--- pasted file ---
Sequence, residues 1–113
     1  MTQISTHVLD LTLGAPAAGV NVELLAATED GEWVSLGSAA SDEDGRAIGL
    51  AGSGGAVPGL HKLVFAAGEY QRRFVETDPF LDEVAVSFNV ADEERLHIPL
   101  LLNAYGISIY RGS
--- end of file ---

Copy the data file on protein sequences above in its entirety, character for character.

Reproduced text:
Sequence, residues 1–113
     1  MTQISTHVLD LTLGAPAAGV NVELLAATED GEWVSLGSAA SDEDGRAIGL
    51  AGSGGAVPGL HKLVFAAGEY QRRFVETDPF LDEVAVSFNV ADEERLHIPL
   101  LLNAYGISIY RGS